A US senator is calling for a probe into Pokémon GO's privacy issues

A Democratic U.S. senator on Tuesday asked the software developer behind Nintendo Co Ltd's Pokémon GO to clarify the mobile game's data privacy protections, amid concerns the augmented reality hit was unnecessarily collecting vast swaths of sensitive user data.

A Democratic U.S. senator on Tuesday asked the software developer behind Nintendo Co Ltd's Pokémon GO to clarify the mobile game's data privacy protections, amid concerns the augmented reality hit was unnecessarily collecting vast swaths of sensitive user data.

Senator Al Franken of Minnesota sent a letter to Niantic Chief Executive John Hanke asking what user data Pokémon GO collects, how the data is used and with what third party service providers that data may be shared.

The game, which marries Pokémon, the classic 20-year-old cartoon franchise, with augmented reality, allows players to walk around real-life neighborhoods while seeking virtual Pokémon game characters on their smartphone screens - a scavenger hunt that has earned enthusiastic early reviews.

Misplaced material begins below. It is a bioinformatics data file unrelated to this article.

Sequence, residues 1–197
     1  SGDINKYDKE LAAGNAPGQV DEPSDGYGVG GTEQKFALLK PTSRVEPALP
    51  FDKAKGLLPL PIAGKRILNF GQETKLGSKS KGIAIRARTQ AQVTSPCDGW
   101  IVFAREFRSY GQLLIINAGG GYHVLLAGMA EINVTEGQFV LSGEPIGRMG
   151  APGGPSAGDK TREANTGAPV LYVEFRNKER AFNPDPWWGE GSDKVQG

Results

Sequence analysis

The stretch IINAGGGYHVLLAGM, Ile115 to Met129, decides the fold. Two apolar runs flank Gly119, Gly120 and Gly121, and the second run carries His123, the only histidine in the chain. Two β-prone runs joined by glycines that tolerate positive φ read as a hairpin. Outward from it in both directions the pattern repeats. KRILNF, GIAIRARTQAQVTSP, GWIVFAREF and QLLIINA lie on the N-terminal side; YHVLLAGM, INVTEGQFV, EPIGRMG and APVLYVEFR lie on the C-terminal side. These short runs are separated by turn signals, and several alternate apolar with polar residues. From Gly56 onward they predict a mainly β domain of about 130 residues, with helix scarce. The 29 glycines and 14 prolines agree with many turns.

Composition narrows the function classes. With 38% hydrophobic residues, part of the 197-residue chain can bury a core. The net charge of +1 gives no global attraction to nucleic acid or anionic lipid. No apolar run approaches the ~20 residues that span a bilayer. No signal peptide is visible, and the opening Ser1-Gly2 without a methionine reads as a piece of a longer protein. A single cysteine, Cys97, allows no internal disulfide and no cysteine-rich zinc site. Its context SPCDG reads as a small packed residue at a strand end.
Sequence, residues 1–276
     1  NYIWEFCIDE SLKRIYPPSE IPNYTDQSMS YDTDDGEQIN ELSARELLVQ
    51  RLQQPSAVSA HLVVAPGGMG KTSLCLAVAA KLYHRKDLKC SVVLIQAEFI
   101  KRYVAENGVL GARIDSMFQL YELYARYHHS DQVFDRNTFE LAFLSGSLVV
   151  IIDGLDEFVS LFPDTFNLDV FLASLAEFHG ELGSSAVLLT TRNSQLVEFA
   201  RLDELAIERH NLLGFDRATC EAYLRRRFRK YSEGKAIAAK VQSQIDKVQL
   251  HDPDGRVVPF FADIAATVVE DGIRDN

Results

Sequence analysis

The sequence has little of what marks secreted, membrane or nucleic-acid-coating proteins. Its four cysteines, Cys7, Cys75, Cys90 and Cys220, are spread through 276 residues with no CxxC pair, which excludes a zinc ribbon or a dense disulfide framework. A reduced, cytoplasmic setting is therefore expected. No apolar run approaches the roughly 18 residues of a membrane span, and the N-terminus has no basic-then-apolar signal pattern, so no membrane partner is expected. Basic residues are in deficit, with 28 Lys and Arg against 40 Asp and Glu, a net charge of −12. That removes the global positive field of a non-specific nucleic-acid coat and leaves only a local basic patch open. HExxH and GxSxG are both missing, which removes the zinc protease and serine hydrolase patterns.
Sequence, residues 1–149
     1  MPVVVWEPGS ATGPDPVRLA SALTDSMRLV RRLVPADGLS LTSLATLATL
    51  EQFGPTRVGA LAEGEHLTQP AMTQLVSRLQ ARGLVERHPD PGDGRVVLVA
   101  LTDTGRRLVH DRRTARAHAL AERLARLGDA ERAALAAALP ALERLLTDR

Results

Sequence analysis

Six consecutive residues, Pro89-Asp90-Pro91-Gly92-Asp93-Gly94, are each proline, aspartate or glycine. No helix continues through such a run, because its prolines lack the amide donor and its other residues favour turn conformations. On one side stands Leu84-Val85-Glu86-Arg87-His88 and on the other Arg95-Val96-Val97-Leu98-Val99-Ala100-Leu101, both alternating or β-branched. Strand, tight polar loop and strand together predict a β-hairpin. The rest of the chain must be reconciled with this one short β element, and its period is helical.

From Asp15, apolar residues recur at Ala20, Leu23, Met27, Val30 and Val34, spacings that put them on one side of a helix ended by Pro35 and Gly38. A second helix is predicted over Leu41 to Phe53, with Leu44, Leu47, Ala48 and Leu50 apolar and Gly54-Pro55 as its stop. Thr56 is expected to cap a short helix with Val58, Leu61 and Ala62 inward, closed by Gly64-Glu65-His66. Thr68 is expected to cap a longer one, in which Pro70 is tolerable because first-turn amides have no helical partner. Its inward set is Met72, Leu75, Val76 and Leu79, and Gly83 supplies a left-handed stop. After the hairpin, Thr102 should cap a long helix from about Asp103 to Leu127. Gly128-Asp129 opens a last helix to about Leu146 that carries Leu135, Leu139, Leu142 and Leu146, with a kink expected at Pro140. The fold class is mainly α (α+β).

Franken also asked Niantic to describe how it ensures parents give "meaningful consent" to a child's use of the game and subsequent collection of his or her personal information.

"I am concerned about the extent to which Niantic may be unnecessarily collecting, using, and sharing a wide range of users’ personal information without their appropriate consent," Franken wrote.

"As the augmented reality market evolves, I ask that you provide greater clarity on how Niantic is addressing issues of user privacy and security, particularly that of its younger players," he added.

Franken additionally asked Niantic to provide an update on a vulnerability detected on Monday by security researchers who found Pokémon GO players signing into the game via a Google account on an Apple iOS device unwittingly gave "full access permission" to the person's Google account.

Pokémon GO on Tuesday released an updated version on iOS to reduce the number of data permissions it sought from Google account users.

Niantic did not immediately respond to a request for comment about Franken's inquiry.

The company, spun off by Google last year, created the game in tandem with Pokémon Co, a third of which is owned by Nintendo.

Pokémon GO has been a smash hit for Nintendo. The Japanese company's first venture in mobile gaming brought market-value gains of $7.5 billion in just two days after the game's release last week.

Franken asked for a response by Aug. 12.

Reuters

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